Ramadan also exemplifies a devotional ritual that both brings a unity with God and produces social responsibility and reward. Because the process of fasting between sunrise and sunset creates a ritual that is strictly between the individual and God, it is a strict contract with God in which the individual submits to His will through heightened attention to the rules of ethical conduct and suffering during the daytime hours. Although the contract may be between the individual and God, the faster is rarely enduring alone; those who live together usually keep each other accountable during the fasting hours. At night and before sunrise, however, people partake in large feasts and festivities together, making Ramadan a time of both suffering and celebration. This devotional ritual combines the unity and submission with God with social and community accountability, forming a perfect blend of key elements of Islam.

The ultimate element in both achieving unity with God and holding social responsibility is ritual prayer. The process of performing the traditional Islamic prayer five times a day forces those who pray into a position of physical submission (prostrate) as a show of the spiritual submission to God’s will. This combined with the requirements for ritual purity strictly enforce a connection to God and His will by asserting a physical aspect to the submission that must be adhered to in daily living. However, because ritual prayer performed in congregation is rewarded so much more than a prayer performed alone, it serves to benefit the individual more to perform the prayer in a group setting- be it in the home or in a mosque- than it does to perform it alone. This incentivizes social responsibility, as everyone is held accountable for their participation in every prayer throughout the day. By holding everyone socially accountable for their participation in prayer, everyone involved is rewarded more for their submission and have their prayer community to bear witness to their submission to God, bringing them closer to unity with Him.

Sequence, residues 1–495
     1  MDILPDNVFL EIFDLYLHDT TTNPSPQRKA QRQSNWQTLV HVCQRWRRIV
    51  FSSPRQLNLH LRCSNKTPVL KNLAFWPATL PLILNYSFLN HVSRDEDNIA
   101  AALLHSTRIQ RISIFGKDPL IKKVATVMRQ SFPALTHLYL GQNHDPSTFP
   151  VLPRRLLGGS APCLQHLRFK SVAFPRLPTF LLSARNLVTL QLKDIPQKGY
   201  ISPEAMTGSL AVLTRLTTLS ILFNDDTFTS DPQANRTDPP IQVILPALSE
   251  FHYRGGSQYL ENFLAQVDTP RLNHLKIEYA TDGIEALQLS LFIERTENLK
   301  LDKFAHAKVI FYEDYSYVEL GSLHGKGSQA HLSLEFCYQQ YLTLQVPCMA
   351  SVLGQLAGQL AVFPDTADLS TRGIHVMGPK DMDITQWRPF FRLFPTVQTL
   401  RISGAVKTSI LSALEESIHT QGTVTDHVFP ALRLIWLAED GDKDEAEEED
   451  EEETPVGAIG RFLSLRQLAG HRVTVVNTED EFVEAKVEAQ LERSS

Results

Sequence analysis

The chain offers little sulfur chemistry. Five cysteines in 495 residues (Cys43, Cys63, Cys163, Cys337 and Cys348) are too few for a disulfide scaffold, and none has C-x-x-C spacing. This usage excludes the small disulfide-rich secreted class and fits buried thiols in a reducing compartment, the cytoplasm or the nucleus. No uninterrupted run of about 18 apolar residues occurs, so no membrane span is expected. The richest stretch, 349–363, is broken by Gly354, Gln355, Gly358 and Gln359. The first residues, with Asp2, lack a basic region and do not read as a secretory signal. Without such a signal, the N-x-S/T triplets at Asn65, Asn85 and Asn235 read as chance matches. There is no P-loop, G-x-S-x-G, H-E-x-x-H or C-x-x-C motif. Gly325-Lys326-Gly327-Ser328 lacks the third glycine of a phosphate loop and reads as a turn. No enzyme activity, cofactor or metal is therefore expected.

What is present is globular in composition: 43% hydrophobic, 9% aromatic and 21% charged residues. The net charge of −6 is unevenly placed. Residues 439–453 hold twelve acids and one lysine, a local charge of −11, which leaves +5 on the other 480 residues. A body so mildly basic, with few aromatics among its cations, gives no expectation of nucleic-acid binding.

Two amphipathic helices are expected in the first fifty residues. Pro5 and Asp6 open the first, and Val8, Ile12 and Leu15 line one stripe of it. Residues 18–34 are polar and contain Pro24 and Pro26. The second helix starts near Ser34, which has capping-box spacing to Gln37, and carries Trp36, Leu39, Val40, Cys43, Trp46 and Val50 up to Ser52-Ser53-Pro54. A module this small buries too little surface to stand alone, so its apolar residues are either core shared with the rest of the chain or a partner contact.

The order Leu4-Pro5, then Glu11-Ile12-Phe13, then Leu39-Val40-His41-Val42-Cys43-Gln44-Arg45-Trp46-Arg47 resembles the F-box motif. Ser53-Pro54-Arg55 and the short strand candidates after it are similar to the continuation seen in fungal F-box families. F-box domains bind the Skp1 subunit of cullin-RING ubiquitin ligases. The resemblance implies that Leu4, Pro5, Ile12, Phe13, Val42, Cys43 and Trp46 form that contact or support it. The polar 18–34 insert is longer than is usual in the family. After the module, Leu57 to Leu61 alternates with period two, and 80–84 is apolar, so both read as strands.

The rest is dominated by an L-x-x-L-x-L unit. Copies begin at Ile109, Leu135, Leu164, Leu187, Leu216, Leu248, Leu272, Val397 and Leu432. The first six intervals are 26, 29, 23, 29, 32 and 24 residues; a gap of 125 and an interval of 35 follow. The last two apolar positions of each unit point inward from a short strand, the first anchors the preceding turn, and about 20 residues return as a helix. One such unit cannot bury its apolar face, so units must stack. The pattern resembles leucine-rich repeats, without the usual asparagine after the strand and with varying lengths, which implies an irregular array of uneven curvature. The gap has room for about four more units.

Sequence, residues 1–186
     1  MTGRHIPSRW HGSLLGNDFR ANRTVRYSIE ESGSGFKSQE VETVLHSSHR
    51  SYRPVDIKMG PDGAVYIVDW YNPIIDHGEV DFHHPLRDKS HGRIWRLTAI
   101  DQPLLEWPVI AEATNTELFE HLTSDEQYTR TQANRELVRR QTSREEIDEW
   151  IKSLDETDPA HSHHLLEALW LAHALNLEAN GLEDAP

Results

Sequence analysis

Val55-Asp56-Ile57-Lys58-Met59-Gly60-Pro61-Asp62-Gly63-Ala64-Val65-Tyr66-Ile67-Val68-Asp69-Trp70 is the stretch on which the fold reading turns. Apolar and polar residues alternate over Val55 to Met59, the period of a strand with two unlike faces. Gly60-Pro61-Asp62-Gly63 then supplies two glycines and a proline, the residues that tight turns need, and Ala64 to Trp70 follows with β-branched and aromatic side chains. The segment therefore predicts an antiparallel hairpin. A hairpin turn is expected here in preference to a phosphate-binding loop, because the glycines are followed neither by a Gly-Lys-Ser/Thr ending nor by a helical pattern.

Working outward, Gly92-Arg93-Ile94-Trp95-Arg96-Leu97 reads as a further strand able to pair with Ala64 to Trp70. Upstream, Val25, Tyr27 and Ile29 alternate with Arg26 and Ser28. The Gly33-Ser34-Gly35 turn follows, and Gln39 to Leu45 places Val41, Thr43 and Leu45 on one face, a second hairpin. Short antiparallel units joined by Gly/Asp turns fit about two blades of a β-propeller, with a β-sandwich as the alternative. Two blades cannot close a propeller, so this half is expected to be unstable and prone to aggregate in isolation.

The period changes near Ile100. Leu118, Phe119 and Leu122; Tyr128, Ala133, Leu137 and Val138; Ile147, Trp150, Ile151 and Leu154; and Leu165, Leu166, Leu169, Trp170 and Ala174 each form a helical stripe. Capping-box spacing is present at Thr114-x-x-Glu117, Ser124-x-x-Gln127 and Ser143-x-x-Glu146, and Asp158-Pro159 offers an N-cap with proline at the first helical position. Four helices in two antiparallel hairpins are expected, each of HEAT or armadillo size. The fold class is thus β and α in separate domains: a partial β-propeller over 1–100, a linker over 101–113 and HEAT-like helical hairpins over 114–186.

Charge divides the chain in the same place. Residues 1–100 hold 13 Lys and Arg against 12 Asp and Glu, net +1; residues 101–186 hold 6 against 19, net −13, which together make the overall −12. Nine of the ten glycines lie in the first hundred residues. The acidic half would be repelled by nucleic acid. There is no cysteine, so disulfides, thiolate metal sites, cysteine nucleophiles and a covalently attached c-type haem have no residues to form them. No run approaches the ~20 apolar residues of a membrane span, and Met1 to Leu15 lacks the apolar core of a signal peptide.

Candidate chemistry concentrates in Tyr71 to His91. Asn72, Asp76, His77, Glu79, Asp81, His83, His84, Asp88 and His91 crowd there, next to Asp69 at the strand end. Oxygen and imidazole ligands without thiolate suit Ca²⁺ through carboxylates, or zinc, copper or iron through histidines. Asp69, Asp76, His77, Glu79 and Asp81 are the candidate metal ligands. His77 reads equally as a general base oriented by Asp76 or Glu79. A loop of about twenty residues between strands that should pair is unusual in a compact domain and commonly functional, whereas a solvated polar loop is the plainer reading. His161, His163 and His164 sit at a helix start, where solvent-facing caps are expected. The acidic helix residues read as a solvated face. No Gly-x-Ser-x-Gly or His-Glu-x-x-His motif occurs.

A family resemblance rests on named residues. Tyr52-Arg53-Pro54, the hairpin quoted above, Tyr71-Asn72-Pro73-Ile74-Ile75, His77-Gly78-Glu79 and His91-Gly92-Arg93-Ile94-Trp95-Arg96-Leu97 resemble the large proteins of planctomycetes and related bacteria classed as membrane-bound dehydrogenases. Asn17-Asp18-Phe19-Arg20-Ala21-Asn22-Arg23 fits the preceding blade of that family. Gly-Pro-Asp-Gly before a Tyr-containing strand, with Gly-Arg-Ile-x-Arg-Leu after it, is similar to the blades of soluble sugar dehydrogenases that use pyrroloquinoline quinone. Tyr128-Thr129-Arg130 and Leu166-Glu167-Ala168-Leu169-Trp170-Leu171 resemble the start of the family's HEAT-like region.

The Five Pillars of Islam serve as key guiding features in defining the Islamic worldviews, ethics, and ritual practices as those that seek to bring unity with God and create social responsibility. Achieving oneness with God serves as the idealistic goal of follow the Islamic belief system because it serves as a literal connection to a higher state of being in the afterlife; conversely, holding social accountability serves a connection to those around us in this life. Both concepts, when working together, are representative of the core of Islamic beliefs from which Muslims can build their codes of daily living and an understanding of the unseen spiritual realm.